The City of Houston’s pension rescue plan is winding its way through the Senate, and state legislators are attempting to respond to a dizzying array of concerns, including fears that the bill is too complex, too experimental, and doesn’t quite go far enough to create a sustainable system.

According to its own estimate, Houston has overpromised on pensions to the tune of $7.7 billion, and that figure is growing fast. This huge amount of pension debt threatens the city’s economy, credit rating, and ability to deliver core services.

A crucial element of reform is that Houston’s pension systems identified unnamed benefit cuts to reduce the pension liability by $2.5 billion. In return, Houston would issue $1 billion in pension obligation bonds to immediately pay down the existing pension debt.

To its credit, the Senate bill requires voter approval for pension obligation bonds issued after September 1, 2017. New debt should not be issued without an opportunity for Houston’s voters to weigh in. However, recent changes tie the agreed upon benefit cuts to Houston delivering the proceeds of the agreed upon pension obligation bonds by March 31, 2018, and this jeopardizes the delicate balance undergirding the reform effort.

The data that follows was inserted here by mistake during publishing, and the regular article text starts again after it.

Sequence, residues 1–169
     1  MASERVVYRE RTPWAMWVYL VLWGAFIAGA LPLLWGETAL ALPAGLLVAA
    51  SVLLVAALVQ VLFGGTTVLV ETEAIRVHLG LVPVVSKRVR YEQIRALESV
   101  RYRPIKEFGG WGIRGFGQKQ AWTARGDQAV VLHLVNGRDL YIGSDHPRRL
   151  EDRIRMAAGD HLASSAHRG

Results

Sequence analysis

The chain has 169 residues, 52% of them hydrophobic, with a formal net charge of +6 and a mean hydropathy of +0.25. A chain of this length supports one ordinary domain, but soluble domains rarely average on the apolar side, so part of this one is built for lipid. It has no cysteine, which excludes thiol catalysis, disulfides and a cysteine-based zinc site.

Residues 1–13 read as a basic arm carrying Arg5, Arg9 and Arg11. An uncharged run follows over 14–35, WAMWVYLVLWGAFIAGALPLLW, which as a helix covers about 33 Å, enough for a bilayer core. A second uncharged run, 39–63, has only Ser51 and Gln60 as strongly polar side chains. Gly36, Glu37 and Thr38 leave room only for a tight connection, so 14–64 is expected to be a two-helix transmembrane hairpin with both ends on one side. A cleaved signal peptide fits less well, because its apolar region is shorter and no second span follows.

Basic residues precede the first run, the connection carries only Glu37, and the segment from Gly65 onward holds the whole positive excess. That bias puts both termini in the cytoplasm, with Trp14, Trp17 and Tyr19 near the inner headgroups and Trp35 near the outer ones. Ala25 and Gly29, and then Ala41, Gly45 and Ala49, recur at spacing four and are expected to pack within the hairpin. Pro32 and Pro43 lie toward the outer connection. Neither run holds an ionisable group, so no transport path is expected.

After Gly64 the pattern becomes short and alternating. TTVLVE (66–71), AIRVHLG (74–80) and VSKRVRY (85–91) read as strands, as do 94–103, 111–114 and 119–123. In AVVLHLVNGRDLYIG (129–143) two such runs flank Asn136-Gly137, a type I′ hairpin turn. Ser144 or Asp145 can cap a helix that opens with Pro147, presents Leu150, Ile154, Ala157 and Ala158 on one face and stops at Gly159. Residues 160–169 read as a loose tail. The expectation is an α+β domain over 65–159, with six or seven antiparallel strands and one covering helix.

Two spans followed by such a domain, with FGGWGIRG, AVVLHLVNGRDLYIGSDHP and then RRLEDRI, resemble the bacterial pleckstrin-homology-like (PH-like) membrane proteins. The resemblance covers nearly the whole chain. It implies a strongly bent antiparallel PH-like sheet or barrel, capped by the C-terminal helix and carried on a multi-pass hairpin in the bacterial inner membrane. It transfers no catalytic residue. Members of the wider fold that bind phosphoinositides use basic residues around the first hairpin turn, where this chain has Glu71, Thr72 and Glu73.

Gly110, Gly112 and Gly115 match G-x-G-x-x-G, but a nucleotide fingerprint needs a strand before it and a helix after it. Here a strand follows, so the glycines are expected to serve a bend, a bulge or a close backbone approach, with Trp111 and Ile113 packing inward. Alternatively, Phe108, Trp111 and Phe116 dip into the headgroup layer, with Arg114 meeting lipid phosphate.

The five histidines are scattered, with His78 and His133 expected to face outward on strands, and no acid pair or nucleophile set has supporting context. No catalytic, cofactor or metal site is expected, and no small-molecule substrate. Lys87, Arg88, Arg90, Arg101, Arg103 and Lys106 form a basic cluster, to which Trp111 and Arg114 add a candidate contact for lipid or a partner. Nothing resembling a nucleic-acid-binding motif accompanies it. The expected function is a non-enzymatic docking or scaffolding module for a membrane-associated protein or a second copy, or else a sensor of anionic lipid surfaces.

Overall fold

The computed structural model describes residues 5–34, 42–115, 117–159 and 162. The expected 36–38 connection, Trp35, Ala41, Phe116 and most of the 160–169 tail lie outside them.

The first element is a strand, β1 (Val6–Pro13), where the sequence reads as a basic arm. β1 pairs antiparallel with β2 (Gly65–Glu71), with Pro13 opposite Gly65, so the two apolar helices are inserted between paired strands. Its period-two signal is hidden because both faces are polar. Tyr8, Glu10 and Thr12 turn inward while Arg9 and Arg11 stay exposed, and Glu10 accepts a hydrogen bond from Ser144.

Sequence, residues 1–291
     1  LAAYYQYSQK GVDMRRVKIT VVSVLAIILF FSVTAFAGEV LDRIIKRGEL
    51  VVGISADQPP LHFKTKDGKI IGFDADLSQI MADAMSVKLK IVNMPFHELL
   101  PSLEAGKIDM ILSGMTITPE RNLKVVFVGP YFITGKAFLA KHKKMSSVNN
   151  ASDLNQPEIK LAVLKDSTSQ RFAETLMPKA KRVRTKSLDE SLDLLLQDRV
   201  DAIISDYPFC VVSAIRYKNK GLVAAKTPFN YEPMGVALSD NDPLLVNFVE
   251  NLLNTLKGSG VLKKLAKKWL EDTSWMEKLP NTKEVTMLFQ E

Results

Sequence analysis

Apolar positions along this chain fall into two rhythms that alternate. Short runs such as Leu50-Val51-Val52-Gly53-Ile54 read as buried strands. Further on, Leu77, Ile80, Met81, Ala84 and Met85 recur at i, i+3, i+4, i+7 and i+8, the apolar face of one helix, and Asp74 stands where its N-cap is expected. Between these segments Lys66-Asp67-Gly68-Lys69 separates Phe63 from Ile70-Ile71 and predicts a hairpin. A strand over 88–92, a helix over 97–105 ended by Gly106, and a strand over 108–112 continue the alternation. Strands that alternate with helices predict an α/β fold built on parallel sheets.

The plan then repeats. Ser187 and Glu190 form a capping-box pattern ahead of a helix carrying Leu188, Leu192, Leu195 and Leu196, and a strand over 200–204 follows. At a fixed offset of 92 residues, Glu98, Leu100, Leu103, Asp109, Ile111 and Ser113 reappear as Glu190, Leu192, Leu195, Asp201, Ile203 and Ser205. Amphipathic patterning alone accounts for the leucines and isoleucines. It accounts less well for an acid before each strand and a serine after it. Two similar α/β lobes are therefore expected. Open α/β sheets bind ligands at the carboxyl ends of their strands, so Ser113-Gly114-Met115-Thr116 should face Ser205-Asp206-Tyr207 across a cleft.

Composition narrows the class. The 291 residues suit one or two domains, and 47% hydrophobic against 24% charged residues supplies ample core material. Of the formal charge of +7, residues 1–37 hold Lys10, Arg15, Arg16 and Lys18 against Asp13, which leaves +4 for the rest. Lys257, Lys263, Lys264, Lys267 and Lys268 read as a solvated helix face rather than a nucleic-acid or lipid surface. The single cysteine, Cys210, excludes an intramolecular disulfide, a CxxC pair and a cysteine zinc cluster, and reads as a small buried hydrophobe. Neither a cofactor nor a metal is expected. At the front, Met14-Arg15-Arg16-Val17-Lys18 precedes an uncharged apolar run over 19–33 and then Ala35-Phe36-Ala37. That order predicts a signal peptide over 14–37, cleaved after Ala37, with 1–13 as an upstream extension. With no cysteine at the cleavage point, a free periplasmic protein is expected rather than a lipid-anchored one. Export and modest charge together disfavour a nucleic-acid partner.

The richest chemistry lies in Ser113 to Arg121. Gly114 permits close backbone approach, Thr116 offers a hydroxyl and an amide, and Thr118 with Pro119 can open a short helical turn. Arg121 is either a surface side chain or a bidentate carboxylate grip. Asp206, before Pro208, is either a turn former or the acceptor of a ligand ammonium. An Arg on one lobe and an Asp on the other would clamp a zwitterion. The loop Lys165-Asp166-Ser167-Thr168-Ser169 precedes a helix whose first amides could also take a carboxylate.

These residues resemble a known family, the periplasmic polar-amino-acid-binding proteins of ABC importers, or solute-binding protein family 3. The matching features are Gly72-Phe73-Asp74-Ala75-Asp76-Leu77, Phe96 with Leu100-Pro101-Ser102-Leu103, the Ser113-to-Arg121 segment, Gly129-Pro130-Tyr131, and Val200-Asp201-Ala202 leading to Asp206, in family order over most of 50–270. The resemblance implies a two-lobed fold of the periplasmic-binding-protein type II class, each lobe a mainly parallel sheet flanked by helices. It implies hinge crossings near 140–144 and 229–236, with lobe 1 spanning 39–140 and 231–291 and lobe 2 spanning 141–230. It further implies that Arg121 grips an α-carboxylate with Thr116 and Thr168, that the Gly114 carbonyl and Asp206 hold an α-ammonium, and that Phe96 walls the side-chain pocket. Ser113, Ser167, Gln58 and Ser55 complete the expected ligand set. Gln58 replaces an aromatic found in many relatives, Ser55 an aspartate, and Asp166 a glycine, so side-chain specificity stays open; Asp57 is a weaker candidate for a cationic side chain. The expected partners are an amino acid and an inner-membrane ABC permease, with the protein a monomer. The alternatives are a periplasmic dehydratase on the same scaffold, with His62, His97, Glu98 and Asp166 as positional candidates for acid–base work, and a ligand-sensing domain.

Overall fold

On the surface, this may look like a fair trade. If Houston voters choose not to approve the pension obligation bonds, then it’s seemingly fair that the concessions made by public workers should also be withdrawn from the table.

However, as we saw in the Senate’s hearings, not all employees are on board with the plan to cut their benefits as part of the larger reform effort. This leads to the possibility that police, fire, and municipal workers and retirees would vote against the pension obligation bonds so as to protect their benefits from being cut. Without the $3.5 billion reduction in Houston’s pension debt from the bond and the benefit cuts, the path to fiscal sanity under the new “Risk Corridor” concept will be even more uncertain.

Houston’s pension reform travails are just another reason why the Texas Legislature should get out of the business of governing locally-focused pension plans. With restored local pension control, communities will be empowered to enact needed adjustments to their pension plans sooner rather than later—and hold their city officials directly accountable for plans that leave taxpayers at risk.